And then we come to the actual music itself… well, it’s different, I’ll say that much. (Sigh. This was about a year or two before I got into music really hard and started trying to learn things about it, so the framework is there, but I don’t really have the knowledge to go anywhere with it.) Rob has a thing for strings, as most of his songs seem to present orchestrated backgrounds with some mild programmed beats over top, to a fairly interesting effect. (Back in 2006 he was talking about releasing a classical CD so clearly he has influences in the classics.) The music itself is very well presented, and many of the tracks are songs you could easily picture being played at your local dance clubs.
Then we come to the vocals. Rob is kinda rough as a singer, to be blunt… his singing style is very straightforward, and he rarely varies his tone and pitch, which leads me to believe he knows his own shortcomings in that department. (Rob is one of those weird vocalists, like the previously mentioned Tom Waits, who knows his voice isn’t great but covers for it with passion and a specific vision of where he wants his music to go. You don’t always have to be a good singer if you can be an effective one.) However, his voice often strains and cracks, not because of his vocal limits, but because he forces it to, which lends the music a very emotional quality, like he’s trying to fight back the tears as he’s singing the song. It’s a surprisingly powerful tactic, and lends the songs an emotional impact they might not otherwise possess.
The song writing is also very strange, as Rob seems to be set on the idea of making each track profound and full of angst. “Furious Angels” features such powerful lines as “Love, like an invisible bullet, has shot me down and I’m bleeding”, and makes numerous references to death and bleeding. “Left Me For Dead” contains the line “Judas remained, you turned and fled”, and talks about vindication and murder, though it appears to be more of a symbolic effort than a true story in execution. “I’m Not Driving Anymore” features lines like “I’m not fit for consumption”, and, well, I’m not sure what it’s about. You get the idea. (“I’m Not Driving Anymore” is almost certainly a song about abandonment and feeling like you’ve been screwed over by the one you love most, and given the aforementioned point of being inspired by the script from Scent of a Woman, is probably inspired by the early parts of the script, which are rife with hints of betrayal and suicide. This CD was written over a period of years, so a lot of this probably comes from a bad breakup at best and pure depression at worst. Just so you know.)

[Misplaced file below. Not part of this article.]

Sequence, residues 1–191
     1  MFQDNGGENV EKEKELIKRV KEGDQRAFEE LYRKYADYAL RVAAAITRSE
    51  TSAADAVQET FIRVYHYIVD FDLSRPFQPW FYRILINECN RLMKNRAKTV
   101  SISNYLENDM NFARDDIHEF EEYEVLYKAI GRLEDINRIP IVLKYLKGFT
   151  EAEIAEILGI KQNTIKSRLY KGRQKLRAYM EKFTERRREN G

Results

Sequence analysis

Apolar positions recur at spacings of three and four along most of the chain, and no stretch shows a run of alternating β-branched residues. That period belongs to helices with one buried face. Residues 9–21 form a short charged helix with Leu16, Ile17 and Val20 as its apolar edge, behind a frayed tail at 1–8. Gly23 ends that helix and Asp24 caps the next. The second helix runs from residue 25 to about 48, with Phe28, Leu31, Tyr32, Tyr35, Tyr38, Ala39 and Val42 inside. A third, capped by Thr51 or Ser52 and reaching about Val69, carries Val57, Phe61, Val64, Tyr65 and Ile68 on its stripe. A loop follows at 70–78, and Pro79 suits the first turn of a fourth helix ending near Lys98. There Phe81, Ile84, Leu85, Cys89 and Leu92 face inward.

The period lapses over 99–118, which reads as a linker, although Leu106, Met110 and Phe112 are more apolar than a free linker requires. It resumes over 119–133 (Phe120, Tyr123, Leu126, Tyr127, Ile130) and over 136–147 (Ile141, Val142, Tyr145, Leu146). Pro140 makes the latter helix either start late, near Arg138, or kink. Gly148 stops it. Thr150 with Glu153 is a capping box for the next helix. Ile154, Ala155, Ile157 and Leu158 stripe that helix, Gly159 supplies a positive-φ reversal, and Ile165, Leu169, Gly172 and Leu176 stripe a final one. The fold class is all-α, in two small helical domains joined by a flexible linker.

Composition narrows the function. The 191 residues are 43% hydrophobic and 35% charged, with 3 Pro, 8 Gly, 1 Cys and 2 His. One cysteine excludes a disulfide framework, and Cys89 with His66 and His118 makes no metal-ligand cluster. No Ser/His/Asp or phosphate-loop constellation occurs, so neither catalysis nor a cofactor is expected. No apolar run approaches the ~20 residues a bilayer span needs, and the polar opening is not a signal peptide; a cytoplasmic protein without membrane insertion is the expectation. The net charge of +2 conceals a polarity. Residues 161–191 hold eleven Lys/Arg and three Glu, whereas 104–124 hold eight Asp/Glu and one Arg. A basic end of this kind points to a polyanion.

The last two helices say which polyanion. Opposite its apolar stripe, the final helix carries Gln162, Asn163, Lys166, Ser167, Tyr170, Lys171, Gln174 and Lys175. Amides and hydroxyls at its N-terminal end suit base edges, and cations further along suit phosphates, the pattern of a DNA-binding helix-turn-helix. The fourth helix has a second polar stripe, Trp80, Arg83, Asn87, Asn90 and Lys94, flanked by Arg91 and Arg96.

It also bears notation that, according to the liner notes, he’s been writing various bits and pieces of this CD since 1996. Seven years to make one CD… and, from the time I’ve spent listening to it, I can certainly see the effort it took in each song on the disc. (See above.)
So, is this CD for you? Probably not, but it IS a good CD. If you’re looking for something slightly mentally expansive, and curiously obscure, this is a good buy. If you’re looking for something more mainstream, though, keep your distance, because this is definitely music that is designed to make you think. (What’s funny is, Dougan got a decent amount of critical acclaim for Furious Angels, then came out publicly and said he was working on a couple more CD’s… and nothing came of it. The last anyone heard of him directly was back in 2008, when it was mentioned that he was a vineyard owner, but aside from appearing on a soundtrack in 2009, he’s basically just… not doing a lot musically. He does have a Twitter account, though, assuming it’s actually his anyway, and from reading it over, he apparently has a strong interest in the various atrocities going on around the world, as well as classical music and theater… and may or may not be a bit… unwell, mentally speaking. Not that I’d expect anything else of course, but sometimes Twitter just lays bare the reality that backs up your speculations on the mental state of those you, even slightly, admire.)
And as far as I’m concerned, that’s a damn good thing.
I’d give it a 7 out of 10. (I’d probably say 8/10 now that I’ve had a bit more time in life to analyze and process the CD; it speaks more readily to me these days, I think, which says… something.)